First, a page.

Much of what grows in my garden are annuals… that means the plants have a one season life cycle. Basil, for example, gets planted every spring and then dies off in October. The only way basil will get planted again in my garden is if I intentionally do so. Unless, I let the plant go to seed.
Most plants go through the same life cycle. The seeds sprout leaves, and then generate flowers which produce the fruit. The fruit has seeds… and if they are harvested, the seeds can be saved to be replanted the next season.
I have this cycle going on in my garden in a rather informal process. The birds eat the spent sunflowers, scattering the seeds around the garden. The following spring, little sunflowers sprouts pop up everywhere. I gather them and then replant them where I want. The same thing happens with the lettuces and even tomatoes.
I’ve learned to recognize many plants by the first few leaves that emerge from the ground, and distinguish them from the weeds – which get plucked and composted.
Every once in a while, seedlings emerge that I’m unsure of. I let them grow out to see what happens. This year, the questionable seedlings turned into squash. I recognized the leaves, but the subsequent flowers suggested that it was a different variety than I had planted in years past. The plant grew, squash pushed out the flowers and grew.
I still had no idea what variety I had. I harvested a pale green squash with white streaks. It looked like it could be a zucchini, but the texture was very dense and unappetizing.
And while I wondered what variety of squash I had, I was also curious to know where the seed has come from. I had never planted any variety before other than zucchini. Was it a cross pollination of cucumbers and zucchini in past years? Had the seed come from the compost bin? Or maybe from a neighbor’s garden?
I was nonplused by the first squash. I decided to let the rest go… Though I didn’t dig out the plant… the vines continued to grow and circle around the tomato plants into the driveway. After 3 months of watching the plant meander, I realized I had butternut squash!
Perhaps the best thing about this discovery was that one plant yielded 3 – 4 squash (and I probably would have gotten more if I had been more careful). A far better yield than the zucchini I intentionally planted – 20 seeds produced 2 fruit. Yes, that’s right, just 2… hardly worth the space devoted.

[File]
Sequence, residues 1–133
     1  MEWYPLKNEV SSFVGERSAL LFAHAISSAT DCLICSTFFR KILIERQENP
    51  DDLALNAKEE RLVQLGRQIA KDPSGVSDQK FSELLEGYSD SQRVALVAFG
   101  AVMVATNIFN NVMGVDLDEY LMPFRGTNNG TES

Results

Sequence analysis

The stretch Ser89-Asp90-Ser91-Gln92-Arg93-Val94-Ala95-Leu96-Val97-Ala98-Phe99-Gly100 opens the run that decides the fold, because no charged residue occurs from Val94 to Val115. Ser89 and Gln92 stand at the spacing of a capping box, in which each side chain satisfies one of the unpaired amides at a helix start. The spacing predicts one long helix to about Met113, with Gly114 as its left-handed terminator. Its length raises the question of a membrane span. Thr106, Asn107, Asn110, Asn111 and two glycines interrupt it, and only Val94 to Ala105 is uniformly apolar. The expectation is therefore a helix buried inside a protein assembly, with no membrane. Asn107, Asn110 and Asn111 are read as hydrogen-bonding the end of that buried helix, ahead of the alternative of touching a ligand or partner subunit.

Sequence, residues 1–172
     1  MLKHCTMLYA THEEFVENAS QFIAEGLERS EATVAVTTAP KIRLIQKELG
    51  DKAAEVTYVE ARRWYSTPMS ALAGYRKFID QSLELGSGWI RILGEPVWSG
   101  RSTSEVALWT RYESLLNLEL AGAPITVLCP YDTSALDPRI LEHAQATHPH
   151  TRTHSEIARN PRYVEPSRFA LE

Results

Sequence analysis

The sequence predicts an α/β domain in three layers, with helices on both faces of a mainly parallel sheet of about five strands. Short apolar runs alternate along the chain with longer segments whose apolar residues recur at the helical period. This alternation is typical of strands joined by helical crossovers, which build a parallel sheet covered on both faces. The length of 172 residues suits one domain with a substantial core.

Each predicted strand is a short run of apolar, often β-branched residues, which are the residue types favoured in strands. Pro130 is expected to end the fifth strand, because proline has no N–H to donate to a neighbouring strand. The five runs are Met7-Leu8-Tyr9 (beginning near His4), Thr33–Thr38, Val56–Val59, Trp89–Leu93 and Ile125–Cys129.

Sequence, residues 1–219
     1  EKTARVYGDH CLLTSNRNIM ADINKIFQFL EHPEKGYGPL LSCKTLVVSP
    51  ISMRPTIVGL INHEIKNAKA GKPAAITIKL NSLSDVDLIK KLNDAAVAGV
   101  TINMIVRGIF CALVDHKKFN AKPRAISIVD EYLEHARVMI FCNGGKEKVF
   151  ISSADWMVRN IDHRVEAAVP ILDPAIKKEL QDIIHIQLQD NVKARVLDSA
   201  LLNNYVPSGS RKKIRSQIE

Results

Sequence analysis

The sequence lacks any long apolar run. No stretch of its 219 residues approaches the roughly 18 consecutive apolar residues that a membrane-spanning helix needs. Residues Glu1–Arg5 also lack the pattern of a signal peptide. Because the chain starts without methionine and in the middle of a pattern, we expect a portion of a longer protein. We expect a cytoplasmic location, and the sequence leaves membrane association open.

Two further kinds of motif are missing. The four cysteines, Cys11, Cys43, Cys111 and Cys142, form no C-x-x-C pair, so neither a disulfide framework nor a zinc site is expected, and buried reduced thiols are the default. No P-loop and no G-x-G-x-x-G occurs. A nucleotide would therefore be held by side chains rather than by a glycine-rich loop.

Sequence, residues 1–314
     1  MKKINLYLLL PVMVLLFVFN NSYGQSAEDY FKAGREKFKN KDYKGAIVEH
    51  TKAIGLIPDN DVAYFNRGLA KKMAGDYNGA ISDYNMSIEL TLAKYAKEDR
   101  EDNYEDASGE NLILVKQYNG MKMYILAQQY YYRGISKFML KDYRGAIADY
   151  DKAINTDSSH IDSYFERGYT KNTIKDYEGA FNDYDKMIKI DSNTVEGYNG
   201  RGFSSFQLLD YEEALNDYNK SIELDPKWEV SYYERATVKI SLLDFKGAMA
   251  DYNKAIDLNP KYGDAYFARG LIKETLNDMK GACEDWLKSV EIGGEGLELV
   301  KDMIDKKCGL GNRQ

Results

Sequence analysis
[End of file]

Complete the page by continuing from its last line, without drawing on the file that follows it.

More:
Pan Roasted Hake with Squash Puree and Port Reduction
1 butternut squash
1 tablespoon butter
1 teaspoon curry powder
1 cup chicken broth
½ cup heavy cream
4 – 6 oz. hake filets
¼ cup chick pea flour
1 tablespoon plain oil.
1 cup ruby port
½ cup chicken stock
Salt, pepper and lemon juice to taste.
1. Cut squash in half, lengthwise. Put on a cookie sheet, cut side down with 1 cup of water. Bake in 350F oven for 30 minutes or until tender.
2. Meanwhile, peel and slice the onion and apple. Melt butter in a skillet. Add the onions and apples and cook over medium heat until soft. Add the curry powder and cook for 1 minute more. Add the chicken broth to deglaze the pan.
3. When squash is tender, remove and discard the seeds. Spoon out the pulp and add to the apple mix. Puree in a food processor with ½ of the cream. Season to taste with salt, pepper and lemon juice. Set aside in a warm spot.
4. Season hake file with salt, pepper and lemon juice. Dust with chick pea flour.
5. Heat a large skillet over high heat. Add oil. Sear fish until golden brown. Flip and continue cooking for 2 minutes, or until cooked through.
6. Remove fish from pan. To the pan add the shallots, and then the port. Reduce the port by ¾ and then add the chicken stock and remaining cream. Reduce until thick. Season sauce with salt and lemon juice
From the garden: butternut squash, kale, garlic